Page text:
Both Mina Shaughnessy and Sarah D’Eloia allude to one of the primary disconnects in the field of writing studies and pedagogy: how to make space for variable Englishes. While ca$h English is the currency valued by institutions and my FIQWS topic instructor, I want students to recognize and implement ca$h English, but not uncritically.
I want my students to use their variable English fluencies to get paid!
So, as fluidity of language use increases, so does the notion of “error.”
Error now depends almost entirely on context: I was struck by the visceral reaction to a student using “text speak” in one of Lynn’s sample essays last week. These uses of “2” and “u r” or “yr” are not incorrect; however, the student has implemented these techniques in an inappropriate context. This is probably because they are unable to recognize the specific rhetorical situation they were faced with, probably because high school English teachers were so obsessed with these perceived “errors.”
Shaughnessy asserts that we as future/current instructors are dealing with a whole new field of shifting multilingualism (and this was way before we all had little computers in our pockets all day). Whether y’all like it or not, digital communication is totally shifting the way we think and communicate, and a failure to respond to that is a failure to serve our students, basic writers or not.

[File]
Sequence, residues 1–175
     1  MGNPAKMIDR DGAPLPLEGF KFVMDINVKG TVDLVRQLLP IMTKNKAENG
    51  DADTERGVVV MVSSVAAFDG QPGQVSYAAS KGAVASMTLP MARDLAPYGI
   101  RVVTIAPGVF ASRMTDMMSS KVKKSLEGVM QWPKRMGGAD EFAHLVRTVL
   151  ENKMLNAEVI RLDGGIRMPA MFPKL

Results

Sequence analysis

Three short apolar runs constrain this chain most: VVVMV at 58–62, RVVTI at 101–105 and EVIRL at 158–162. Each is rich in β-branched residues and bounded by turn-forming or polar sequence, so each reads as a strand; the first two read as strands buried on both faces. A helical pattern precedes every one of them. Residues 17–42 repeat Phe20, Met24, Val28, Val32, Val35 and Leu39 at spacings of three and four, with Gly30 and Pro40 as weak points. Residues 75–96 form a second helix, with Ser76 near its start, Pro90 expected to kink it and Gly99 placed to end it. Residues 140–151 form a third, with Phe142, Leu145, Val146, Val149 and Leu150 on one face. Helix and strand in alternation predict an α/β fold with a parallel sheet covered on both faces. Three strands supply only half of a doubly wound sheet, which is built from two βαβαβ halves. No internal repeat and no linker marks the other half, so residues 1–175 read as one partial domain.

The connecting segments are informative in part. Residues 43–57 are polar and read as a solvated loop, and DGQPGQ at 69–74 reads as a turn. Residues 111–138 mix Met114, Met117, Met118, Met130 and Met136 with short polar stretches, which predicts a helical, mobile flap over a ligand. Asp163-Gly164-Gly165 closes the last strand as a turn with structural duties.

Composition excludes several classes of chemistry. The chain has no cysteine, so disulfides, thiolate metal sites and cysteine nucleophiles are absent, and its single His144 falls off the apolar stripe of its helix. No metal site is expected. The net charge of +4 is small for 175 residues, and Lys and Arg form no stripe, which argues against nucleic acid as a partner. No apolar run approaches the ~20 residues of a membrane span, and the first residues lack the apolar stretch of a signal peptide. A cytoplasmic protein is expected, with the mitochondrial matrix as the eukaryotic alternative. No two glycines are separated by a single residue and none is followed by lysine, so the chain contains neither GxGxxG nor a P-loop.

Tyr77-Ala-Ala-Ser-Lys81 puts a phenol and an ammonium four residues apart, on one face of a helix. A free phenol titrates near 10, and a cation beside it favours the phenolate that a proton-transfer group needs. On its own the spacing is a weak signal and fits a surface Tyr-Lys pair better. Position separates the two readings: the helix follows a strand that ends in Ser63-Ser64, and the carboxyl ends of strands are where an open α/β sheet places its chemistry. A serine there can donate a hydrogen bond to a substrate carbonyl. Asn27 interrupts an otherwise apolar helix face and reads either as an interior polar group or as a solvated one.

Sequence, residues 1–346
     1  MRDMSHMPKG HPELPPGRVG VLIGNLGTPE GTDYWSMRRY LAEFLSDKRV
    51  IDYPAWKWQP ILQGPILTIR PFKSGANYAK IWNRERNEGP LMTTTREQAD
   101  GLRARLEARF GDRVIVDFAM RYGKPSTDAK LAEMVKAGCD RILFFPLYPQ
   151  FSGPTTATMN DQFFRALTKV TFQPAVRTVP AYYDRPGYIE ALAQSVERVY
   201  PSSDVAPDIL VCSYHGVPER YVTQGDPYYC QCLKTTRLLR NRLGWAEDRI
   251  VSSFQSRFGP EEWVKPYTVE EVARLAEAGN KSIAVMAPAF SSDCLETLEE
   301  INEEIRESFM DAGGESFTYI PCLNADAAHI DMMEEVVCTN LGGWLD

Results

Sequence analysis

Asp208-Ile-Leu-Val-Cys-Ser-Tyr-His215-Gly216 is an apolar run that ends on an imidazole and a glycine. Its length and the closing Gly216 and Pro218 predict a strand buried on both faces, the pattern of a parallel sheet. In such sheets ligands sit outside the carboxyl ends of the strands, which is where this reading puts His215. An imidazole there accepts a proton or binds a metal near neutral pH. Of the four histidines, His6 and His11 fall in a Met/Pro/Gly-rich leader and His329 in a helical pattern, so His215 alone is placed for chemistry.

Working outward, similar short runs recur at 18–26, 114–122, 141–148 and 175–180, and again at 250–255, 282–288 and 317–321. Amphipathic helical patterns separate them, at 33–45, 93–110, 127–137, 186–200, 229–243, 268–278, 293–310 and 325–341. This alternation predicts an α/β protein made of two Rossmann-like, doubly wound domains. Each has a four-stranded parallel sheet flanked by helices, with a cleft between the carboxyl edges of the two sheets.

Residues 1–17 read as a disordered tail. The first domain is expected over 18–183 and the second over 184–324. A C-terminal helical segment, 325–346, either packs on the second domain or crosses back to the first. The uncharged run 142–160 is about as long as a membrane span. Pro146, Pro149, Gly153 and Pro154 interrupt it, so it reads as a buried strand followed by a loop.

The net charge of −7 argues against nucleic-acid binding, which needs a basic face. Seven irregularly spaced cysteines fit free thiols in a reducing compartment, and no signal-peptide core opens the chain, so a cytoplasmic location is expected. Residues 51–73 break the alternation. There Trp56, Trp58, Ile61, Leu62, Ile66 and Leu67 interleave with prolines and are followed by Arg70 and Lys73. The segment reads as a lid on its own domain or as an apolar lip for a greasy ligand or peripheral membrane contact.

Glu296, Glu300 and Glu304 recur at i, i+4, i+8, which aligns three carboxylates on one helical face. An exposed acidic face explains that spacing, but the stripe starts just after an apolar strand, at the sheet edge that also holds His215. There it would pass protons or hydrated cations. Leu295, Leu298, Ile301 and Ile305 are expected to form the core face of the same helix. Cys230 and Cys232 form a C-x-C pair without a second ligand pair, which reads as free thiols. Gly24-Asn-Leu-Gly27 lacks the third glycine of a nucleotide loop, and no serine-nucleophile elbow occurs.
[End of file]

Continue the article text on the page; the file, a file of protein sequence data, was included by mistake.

James Sledd’s ideas, as presented by D’Eloia, mirror my own: instructors have no right to enforce these hegemonic linguistic ideologies onto our students, especially since perpetuating the neoliberal fantasy of bootstrapping is antithetical to our work as critical educators (8). However, engaging students in discussions of when to utilize ca$h English as a tool to access resources (grants, for example) is also necessary. I worry that writing instructors shy from the sociopolitical discussions surrounding education and communication, and this is a serious shortfall in how we view our gatekeeping roles. D’Eloia elaborates on the role of ideology in the classroom: “the values of the student must be given pre-eminence,” which also requires instructors to engage deeply with their own values and determine how best to serve the needs of the student without demanding assimilation (9).
Phew, y’all. That’s tough.